Prime Minister John Key has touched down in Myanmar - declaring his historic visit is more than just symbolic.
Key is the first New Zealand prime minister to visit the troubled southeast Asian nation, which was ruled by an oppressive military junta for five decades.
He follows US President Barack Obama, who alongside Secretary of State Hillary Clinton, made a whirlwind trip on Monday.
The West is keen to encourage Myanmar's shift to democracy and has lifted punitive sanctions and unfrozen diplomatic links.
As the formerly isolated country opens up, it offers opportunities for investment in agriculture and as it rebuilds its infrastructure and telecommunications networks. Myanmar - formerly known as Burma - also has valuable natural resources including oil, gas, teak and rubies.
Its Parliament recently passed a law allowing foreign investment and credit card company Visa recently signed a deal, signalling an end to the cash-only economy.
Fonterra already does $18m worth of trade there and Key will attend a business event in Yangon this afternoon.
"There's lots of opportunities: it's arable land, a big population [about 60 million] and it is going to get wealthy over time," Key said. "If you roll the clock forward ten years time, most of the leaders I talk to around the region think it will be an increasingly important market."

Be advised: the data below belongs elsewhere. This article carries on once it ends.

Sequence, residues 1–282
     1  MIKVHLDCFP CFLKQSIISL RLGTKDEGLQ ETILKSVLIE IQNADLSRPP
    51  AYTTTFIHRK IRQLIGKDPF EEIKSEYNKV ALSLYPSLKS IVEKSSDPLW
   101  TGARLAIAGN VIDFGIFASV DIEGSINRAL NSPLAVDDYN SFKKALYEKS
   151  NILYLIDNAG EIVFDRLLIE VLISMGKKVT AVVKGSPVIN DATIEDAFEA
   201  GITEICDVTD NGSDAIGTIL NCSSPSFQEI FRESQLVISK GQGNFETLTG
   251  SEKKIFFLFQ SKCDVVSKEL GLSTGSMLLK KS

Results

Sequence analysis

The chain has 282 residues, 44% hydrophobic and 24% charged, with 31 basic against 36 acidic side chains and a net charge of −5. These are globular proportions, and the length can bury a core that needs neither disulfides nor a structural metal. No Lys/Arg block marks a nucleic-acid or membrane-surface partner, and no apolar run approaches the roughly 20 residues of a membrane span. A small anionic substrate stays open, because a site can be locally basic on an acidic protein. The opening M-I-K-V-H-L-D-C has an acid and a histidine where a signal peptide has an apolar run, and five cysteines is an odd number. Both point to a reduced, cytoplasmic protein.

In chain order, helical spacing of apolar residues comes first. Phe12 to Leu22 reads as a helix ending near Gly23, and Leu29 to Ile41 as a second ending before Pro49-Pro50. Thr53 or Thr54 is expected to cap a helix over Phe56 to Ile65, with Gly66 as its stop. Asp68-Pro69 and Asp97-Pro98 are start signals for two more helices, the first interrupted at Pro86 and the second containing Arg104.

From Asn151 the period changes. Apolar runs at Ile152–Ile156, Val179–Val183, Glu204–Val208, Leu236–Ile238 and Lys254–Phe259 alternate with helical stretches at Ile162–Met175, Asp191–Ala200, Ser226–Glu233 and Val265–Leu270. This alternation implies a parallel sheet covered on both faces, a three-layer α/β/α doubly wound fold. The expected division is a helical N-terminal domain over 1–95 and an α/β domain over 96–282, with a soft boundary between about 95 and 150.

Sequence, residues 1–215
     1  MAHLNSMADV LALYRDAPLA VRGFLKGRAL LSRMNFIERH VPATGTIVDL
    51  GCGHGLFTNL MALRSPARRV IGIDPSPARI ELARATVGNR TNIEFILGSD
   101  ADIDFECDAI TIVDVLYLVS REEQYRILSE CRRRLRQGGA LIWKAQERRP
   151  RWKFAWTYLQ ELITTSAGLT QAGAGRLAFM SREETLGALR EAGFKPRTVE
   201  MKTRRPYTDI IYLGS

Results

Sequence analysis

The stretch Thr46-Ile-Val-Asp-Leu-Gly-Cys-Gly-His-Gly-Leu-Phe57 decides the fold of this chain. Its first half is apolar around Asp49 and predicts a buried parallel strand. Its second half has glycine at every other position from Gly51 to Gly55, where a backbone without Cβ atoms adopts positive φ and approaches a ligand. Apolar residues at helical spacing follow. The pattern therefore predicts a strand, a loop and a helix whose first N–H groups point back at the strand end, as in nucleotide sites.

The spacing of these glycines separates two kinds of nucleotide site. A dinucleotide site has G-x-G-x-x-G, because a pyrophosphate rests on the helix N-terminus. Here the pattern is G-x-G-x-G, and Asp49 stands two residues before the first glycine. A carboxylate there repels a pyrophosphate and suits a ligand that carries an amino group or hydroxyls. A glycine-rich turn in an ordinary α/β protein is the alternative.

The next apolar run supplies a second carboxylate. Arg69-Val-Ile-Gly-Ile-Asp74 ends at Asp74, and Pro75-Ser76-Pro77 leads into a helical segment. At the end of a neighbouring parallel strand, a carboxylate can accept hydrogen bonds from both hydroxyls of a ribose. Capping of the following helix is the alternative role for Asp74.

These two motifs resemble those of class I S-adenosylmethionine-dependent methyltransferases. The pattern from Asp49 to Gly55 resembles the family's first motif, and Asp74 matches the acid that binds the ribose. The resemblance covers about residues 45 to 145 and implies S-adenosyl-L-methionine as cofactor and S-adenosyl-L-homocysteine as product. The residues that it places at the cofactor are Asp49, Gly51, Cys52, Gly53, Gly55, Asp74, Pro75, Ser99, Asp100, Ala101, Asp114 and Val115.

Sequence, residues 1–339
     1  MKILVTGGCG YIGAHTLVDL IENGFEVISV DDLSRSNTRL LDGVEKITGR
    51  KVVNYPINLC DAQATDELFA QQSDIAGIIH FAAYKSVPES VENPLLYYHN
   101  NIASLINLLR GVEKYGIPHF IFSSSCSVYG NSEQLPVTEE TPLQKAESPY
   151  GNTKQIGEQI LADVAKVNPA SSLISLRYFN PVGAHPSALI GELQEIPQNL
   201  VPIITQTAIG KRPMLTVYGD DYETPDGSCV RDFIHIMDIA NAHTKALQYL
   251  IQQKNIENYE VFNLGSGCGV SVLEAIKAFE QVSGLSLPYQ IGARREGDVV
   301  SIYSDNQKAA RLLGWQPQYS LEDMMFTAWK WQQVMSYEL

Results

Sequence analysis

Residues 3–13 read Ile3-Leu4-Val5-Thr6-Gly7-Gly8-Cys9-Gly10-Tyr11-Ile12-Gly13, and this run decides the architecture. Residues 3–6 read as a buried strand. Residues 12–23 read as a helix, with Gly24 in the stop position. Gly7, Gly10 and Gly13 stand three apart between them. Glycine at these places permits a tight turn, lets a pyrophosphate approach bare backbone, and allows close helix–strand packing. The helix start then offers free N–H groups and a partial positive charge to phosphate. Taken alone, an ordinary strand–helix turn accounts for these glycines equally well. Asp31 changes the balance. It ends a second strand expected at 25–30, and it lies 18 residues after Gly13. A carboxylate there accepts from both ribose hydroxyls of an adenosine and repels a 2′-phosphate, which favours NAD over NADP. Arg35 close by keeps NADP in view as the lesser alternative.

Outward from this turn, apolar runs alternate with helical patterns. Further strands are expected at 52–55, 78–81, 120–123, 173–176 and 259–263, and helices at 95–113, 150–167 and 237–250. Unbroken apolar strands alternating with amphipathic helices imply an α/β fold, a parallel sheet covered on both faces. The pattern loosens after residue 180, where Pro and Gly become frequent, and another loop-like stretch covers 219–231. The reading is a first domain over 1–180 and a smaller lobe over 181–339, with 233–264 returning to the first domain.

While Key wants to encourage the democratic and social reforms that have taken place since President Thein Sein was elected in 2010, he says he won't ignore human rights issues. Ethnic violence has flared in the Rakhine province, leaving up to 100,000 displaced and around 100 dead. He is expect to announce financial aid.
Later today he'll tour the gold and diamond topped-Shwedagon pagoda - also visited by Obama this week before heading to a gathering of ex-pats.
Tomorrow, the New Zealand delegation will stop at the Taukkyan cemetery, where nine Kiwi soldiers are laid to rest, for a remembrance service.
Key will then fly onto the capital Naypyitaw to meet with Thein Sein at the president palace and opposition leader Aung San Suu Kyi.
He'll tour Parliament buildings before flying out on Friday.
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